September 2015

Produced 1 29 15. A video produced from my Powerpoint on the history of vaccinated diseases. The focus is on what these kids looked like or experienced due to this disease.  

Sourced through from:

This video is my review of the history of immunizable diseases.  Many of the figures in this presentation demonstrate what these patients looked like, according to the medical schools books for the time–the 1940s–75 years ago.  

See on Scoop.itEpisurveillance


A traditional approach to studying sickle cell disease uses population health age-gender profiling in a very coarse fashion.  For a full population study of sickle cell and sickle cell carriers age-gender distribution, we see very unique and even unexpected differences in the longevity of men versus women.  During the past decade, I have seen this population health profile for Sickle Cell in boths of its ICD 9 identifier forms duplicate this model, for a number of difference parts of the U.S.  Due to the unique shapes of these numbers-prevalence profiles for “Active Disease vs. Carriers”, this profile presented here demonstrates remarkable external validity.   This relationship exists at the national level, and local levels.

Apply 3D NationalPopulationHealthGrid modeling algorithms to my data, the resulting maps provide a very unique sociocultural interpretation of how Sickle Cell exists and continues to spread throughout the United States.  More importantly, the population pyramid approach to analyzing this data shows us how treatment and intervention programs should be modified to better fit the needs of age-gender groups in specific parts of the country, or locally.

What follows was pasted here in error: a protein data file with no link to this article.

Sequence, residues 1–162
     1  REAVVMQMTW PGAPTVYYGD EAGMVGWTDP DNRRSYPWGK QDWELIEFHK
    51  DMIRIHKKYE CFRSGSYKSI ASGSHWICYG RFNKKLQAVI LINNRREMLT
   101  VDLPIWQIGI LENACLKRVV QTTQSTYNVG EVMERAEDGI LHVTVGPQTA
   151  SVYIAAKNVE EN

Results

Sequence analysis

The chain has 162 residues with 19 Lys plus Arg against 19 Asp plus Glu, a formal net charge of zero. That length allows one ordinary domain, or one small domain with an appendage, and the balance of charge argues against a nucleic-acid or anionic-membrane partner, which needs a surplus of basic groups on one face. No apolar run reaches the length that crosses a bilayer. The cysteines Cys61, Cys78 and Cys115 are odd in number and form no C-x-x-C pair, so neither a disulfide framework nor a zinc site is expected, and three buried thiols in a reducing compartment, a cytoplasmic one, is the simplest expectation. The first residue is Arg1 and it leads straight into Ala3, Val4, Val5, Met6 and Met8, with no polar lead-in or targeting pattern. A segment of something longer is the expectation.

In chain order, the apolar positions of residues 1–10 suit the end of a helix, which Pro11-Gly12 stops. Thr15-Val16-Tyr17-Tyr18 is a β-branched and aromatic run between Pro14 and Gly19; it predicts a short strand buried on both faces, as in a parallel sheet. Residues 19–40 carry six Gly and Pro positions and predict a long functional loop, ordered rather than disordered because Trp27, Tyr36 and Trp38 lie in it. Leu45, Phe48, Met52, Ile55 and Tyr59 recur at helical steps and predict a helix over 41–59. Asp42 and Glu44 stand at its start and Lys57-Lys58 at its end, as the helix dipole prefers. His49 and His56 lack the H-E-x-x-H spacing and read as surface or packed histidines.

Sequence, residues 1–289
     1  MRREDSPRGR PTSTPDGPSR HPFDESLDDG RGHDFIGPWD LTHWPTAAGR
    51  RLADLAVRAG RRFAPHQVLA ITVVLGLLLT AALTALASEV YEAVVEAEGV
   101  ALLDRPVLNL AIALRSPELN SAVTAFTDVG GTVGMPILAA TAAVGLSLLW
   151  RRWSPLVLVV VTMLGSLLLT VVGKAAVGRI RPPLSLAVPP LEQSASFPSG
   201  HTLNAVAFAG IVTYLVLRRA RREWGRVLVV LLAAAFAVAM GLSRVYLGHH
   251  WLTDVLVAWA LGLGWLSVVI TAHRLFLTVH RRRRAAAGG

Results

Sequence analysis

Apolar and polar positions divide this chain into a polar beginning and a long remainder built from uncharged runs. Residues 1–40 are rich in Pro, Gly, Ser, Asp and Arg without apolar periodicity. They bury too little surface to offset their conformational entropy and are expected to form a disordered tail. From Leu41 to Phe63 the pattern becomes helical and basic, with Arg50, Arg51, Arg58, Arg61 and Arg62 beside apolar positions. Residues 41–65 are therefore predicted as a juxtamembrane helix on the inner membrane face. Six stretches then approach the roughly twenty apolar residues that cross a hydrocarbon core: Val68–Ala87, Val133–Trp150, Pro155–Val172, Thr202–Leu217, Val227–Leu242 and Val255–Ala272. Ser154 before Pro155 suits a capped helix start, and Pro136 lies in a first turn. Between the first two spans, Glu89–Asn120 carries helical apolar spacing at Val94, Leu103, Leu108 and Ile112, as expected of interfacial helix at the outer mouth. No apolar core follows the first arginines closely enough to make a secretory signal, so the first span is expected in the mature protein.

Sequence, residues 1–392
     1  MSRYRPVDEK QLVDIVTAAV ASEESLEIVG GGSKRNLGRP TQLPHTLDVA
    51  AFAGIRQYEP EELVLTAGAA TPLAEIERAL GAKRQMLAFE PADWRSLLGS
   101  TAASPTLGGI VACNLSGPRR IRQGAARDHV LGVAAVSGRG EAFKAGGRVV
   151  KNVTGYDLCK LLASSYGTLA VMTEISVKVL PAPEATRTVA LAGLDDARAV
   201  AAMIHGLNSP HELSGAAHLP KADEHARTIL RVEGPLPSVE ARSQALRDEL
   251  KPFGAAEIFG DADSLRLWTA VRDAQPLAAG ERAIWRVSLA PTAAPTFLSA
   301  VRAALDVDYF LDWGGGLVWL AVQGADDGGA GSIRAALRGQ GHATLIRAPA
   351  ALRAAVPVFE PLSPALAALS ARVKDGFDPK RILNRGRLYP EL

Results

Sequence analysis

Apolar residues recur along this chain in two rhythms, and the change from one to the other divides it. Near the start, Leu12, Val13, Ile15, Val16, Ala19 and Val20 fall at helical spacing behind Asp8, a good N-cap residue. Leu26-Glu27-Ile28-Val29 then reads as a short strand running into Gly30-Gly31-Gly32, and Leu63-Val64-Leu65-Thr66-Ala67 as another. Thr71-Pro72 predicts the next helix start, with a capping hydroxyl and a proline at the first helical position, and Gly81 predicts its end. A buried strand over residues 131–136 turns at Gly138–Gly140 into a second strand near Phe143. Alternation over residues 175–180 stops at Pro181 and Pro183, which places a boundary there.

Most important to note is the difference in lifespans when men and women carry the sickle cell in its non-expressive [“carrier” or ss] form.  This is due to partial expression of the S gene, the degree of expression, and the impact it has on the longevity of the patient.

Social Darwinians might have a field day with the social implications of these spatial findings.  For it demonstrates that women who carry sickle cell live longer than men who are carriers, to the point that they remain alive throughout the primary fertility/fecundity years.  Men on the other hand lack this survival feature and are more likely to die, even as carriers, during their most  active reproductive years.

This method may also be used to model others diseases linked to the human genome.   (A number of my videos in Youtube provide examples of the various genetically-linked diseases and development disorders that I reviewed years back.)

About ten years from now, this way of modeling and interpreting genetic diseases will become one of the most important applications of NPHG style analysis of human EMR/EHR and lab/genome data.

For more on how I applied NPHG and ICD9 analyses techniques to human genome projects, ICDs, EMR, EHR and Managed Care planning strategies, see:

Socioculturalism and Health: 

Fatal and Non-fatal Genetic Disease:

and the numerous NPHG mapvideos on the following :

See on Scoop.itMedical GIS Guide